This week numerous national newspapers and TV shows featured the story of Gaby Rodriguez, who dedicated 6 months of her senior year in high school to convincing her classmates, teachers, and even family members that she was pregnant. It was apparently a social experiment examining "stereotypes, rumors and statistics."
She wore a basketball inside a well stitched bag that fit securely around her waist and under her shirts, giving the otherwise fit girl a belly bump that realistically made her look pregnant. She told her schoolmates that she had become pregnant during homecoming weekend in October and that her due date would be July 27. Naturally, when a person tells everyone that she's pregnant and goes out of her way to appear pregnant, people will tend to believe that she is pregnant.
At a school assembly, before a stunned crowd of teachers and peers, she yanked the fake belly out of her shirt and let them in on the ruse.
Now the people on TV are calling her courageous for pulling the stunt, which also included lying to her boyfriend's family--who were expecting to have to deal with an unexpected new grandchild from their teenage son-- and somehow getting Gaby's mom to lie to Gaby's siblings for her.
The hollow justification for calling it an "experiment" seems to revolve around things people said about Gaby while they thought she was pregnant. She said that people called her "irresponsible" behind her back and stated that she had "ruined her life". A quote from her experiment that has been repeated in various news reports is one read by her friend during the assembly, stating: "Her attitude is changing, and it might be because of the baby, or she was always this annoying and I never realized it."
This quote in particular, while trying to alienate its originator for somehow using stereotypes and/or rumors, sounds like nothing more than a commentary on Gaby's personality, (personality is always subject to opinion...nobody is liked by everyone) not her reputation or her worthiness as a person after getting fake pregnant. Even if something worse was said by someone about Gaby, the fact that a teenager who gets pregnant may be whispered about, or that people may quietly comment about a person "irresponsibly" getting stuck with an enormous job most girls her age are not mentally ready for, is not a new revelation. In the past this cultural reality inspired some teenagers not to get pregnant in the first place.
In regards to stereotypes, the only potentially stereotypical remark made by Gaby's peers as a result of her experiment that was mentioned by the media is that some people said her pregnancy "was bound to happen"...Monday morning quarterbacking possibly alluding to Gaby's Hispanic ethnicity. However, Gaby had already convinced people that she was pregnant when these statements were uttered. It was not as if she had simply presented herself as she really was -- (not pregnant)-- and had to deal with these comments as taunting reminders of a perceived inevitability which had no basis in reality.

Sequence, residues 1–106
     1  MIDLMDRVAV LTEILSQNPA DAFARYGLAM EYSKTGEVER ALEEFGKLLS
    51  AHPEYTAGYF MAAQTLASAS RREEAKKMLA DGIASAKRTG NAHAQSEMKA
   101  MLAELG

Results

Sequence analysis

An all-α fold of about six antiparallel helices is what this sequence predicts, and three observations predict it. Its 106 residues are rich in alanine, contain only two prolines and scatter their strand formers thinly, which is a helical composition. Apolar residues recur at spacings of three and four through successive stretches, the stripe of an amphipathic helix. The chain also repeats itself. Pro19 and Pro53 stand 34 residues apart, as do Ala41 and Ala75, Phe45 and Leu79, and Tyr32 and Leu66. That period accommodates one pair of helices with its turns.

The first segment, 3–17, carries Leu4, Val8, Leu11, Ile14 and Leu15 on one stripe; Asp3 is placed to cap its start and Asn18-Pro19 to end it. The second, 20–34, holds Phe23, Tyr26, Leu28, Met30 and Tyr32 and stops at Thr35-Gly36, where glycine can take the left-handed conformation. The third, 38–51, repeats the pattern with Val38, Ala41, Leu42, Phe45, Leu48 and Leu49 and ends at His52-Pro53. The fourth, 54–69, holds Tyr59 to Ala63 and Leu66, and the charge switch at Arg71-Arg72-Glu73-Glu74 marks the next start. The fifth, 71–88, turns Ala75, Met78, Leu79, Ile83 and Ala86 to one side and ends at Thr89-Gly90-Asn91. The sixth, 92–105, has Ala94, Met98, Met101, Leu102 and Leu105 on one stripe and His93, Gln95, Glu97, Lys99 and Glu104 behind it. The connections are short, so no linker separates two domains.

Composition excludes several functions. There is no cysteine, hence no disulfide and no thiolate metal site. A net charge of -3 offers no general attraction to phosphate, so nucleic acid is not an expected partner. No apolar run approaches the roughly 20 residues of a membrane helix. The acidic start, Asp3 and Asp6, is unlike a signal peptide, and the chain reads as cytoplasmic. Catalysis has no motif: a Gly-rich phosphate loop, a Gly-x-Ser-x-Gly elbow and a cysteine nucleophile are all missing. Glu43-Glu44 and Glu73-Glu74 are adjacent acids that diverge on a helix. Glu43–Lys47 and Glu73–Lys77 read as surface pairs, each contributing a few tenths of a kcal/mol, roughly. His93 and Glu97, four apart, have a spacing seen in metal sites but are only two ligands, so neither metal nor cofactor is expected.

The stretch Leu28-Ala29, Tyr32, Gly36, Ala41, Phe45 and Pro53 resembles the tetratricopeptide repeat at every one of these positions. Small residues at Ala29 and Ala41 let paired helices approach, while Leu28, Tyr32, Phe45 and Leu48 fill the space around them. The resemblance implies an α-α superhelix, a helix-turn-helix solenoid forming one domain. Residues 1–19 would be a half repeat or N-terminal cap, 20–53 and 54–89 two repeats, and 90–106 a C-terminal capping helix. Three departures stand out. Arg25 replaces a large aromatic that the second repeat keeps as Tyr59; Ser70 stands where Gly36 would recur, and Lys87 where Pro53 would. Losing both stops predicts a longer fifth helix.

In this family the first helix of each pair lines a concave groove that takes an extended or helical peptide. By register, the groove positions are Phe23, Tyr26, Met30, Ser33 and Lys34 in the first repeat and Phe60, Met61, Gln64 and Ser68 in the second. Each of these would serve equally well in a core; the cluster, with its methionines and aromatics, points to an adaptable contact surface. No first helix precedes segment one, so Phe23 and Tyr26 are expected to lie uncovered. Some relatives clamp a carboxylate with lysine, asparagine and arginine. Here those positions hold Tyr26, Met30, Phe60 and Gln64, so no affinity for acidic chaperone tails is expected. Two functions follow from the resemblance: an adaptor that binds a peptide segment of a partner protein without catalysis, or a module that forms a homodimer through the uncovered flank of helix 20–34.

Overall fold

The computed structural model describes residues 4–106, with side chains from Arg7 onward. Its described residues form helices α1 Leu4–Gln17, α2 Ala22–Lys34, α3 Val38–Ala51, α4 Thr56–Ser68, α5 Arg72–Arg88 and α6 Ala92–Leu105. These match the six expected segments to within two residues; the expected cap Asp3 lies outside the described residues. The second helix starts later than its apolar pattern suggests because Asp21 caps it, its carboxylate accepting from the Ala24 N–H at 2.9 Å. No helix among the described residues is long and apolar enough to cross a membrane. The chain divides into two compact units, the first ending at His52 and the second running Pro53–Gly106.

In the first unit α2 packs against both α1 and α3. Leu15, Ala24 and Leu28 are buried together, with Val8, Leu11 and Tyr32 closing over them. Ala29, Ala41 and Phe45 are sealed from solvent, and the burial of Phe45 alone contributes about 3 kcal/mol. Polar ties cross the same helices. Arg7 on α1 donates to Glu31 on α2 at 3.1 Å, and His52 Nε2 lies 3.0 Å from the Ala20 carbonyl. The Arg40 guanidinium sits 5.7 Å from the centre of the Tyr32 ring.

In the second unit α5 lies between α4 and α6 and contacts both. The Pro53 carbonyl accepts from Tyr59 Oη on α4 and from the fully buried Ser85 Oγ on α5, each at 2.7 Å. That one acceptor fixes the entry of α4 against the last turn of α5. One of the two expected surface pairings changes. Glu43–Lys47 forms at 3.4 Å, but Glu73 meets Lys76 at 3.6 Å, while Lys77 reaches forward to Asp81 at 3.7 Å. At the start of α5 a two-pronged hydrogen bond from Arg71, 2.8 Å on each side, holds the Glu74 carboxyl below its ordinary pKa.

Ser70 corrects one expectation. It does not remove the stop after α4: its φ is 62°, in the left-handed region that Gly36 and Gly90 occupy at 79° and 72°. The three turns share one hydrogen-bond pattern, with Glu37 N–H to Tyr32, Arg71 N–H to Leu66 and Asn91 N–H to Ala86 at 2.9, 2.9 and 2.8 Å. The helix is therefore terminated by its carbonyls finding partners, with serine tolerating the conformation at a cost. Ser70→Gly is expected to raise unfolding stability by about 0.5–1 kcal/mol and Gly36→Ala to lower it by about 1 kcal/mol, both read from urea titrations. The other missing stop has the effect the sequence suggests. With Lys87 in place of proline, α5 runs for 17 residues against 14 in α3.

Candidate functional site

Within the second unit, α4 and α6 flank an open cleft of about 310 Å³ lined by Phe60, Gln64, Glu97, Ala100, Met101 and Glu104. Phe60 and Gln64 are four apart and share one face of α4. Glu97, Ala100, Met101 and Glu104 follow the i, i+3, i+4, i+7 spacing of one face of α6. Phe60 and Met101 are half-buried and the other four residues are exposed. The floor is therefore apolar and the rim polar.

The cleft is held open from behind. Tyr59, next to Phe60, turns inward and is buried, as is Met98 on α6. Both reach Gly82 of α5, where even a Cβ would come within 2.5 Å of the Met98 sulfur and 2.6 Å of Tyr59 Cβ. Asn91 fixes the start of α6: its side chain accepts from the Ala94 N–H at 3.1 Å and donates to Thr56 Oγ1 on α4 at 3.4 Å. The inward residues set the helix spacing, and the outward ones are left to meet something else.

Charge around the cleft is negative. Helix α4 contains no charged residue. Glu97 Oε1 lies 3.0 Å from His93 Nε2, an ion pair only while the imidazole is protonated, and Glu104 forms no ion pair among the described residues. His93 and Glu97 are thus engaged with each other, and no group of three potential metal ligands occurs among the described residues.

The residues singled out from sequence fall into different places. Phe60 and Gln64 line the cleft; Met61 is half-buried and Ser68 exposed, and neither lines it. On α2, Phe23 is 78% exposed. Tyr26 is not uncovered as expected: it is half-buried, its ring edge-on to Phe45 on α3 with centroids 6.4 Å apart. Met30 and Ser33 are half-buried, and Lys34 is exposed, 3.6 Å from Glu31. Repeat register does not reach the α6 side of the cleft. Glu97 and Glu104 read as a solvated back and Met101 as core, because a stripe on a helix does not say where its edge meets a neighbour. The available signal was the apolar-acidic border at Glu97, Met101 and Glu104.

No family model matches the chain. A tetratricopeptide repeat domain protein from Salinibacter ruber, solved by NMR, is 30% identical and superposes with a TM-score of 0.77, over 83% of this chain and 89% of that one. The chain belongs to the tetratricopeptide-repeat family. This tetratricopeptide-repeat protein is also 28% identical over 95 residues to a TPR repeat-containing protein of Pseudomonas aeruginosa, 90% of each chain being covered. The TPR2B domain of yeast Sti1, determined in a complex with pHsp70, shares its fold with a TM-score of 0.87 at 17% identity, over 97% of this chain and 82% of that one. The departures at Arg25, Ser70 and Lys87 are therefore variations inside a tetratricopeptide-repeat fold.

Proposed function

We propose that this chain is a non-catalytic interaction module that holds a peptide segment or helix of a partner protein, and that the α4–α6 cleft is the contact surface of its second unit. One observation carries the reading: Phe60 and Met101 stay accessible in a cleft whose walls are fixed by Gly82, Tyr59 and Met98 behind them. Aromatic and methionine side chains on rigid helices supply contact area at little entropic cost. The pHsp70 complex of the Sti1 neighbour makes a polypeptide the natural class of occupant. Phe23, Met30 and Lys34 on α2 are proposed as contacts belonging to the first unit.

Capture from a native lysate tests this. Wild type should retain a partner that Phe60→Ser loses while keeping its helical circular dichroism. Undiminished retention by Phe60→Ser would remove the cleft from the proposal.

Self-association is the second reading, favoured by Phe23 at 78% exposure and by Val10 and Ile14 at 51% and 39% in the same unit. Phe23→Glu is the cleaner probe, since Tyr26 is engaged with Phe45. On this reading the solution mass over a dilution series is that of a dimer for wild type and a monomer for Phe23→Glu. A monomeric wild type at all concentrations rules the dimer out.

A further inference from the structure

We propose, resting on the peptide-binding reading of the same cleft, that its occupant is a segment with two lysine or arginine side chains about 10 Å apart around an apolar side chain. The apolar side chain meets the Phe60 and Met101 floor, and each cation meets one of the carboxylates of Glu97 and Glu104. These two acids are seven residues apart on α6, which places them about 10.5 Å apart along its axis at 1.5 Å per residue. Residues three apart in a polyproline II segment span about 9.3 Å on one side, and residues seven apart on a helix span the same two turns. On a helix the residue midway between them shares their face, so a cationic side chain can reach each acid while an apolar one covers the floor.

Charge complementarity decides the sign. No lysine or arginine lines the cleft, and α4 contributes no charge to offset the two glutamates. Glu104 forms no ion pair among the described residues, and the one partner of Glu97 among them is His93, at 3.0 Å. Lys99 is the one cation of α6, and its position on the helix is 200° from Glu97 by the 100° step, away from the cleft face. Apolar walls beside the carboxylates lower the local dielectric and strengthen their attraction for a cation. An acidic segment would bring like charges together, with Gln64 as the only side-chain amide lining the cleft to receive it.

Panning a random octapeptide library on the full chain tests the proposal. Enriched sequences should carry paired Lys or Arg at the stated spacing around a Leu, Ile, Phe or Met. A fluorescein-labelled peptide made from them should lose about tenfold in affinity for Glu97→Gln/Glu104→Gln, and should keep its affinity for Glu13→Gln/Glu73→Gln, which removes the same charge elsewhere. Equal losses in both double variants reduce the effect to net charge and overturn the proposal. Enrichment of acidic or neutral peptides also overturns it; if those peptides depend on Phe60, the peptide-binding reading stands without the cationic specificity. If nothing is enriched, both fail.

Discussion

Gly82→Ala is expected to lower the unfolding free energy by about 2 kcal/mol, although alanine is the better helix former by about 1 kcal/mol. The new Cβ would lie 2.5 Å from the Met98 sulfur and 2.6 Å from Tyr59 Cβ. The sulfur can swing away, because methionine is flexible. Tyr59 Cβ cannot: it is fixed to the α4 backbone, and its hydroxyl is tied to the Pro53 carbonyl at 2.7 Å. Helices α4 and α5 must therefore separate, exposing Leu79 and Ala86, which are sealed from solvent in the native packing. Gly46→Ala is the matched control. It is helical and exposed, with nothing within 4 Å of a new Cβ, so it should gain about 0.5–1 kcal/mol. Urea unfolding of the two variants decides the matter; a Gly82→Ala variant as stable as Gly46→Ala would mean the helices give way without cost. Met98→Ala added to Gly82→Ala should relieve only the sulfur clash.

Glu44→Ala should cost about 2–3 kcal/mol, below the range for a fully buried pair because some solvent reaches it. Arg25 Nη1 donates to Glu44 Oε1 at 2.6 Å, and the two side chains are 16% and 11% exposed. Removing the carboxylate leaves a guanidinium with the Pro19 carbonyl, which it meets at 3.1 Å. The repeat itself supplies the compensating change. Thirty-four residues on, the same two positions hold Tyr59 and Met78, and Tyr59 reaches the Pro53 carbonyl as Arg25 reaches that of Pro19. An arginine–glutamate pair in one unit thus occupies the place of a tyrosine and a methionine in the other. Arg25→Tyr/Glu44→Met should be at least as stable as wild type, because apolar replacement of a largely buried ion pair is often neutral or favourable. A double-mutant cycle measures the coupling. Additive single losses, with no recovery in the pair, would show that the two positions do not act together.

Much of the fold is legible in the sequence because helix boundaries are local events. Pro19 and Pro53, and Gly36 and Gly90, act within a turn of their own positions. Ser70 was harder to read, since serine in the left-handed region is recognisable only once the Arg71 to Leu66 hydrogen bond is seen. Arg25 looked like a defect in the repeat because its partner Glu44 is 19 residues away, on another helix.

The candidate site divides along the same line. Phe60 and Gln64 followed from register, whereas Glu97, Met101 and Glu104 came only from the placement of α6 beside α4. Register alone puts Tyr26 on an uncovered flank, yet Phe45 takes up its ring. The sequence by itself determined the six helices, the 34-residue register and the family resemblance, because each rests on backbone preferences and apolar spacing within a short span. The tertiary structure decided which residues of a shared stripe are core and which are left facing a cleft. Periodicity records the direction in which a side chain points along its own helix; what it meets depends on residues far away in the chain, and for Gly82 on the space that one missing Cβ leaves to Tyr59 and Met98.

"Nationally, teen pregnancy rates have been steadily declining for years. However, Latinas have the highest teen pregnancy and birth rate among any major racial or ethnic minority.
Roughly 51 percent of Latina teens will get pregnant before age 20, compared with about 30 percent of teens overall, according to the National Campaign to Prevent Teen and Unplanned Pregnancy."
So what has been proven here? That if a person rode around town in a wheelchair for six months, people might believe he's handicapped? That if someone claimed to have gotten AIDS from having unprotected sex, and then acted sick for 6 months, people might treat that person like he's dying? The press has made a hero of a girl for collaborating with her superintendent, principal, a few teachers, her boyfriend and mother to pull off a deception that is not even clever...just a lie.
Because it's a story with a moral that trains the viewer not to trust his or her own basic judgment.
To "gaslight" somebody is a term based on a 1944 film by that name in which a man purposely tries to drive his wife insane (in order to get some jewels that are hidden in the house) by secretly playing little tricks on her so that she can no longer trust her own perceptions. He moves the pictures on the wall and convinces her that she must have done it herself, dims and brightens the lights without telling her (pretending it isn't happening when she notices) , makes subtle but startling noises in the attic when she thinks she's home alone, and lovingly takes her for an evening out only to viciously initiate an argument with her by slipping a chain in her handbag and insinuating that she herself put it there.
The film has become a perfect allegory for the times we currently live in.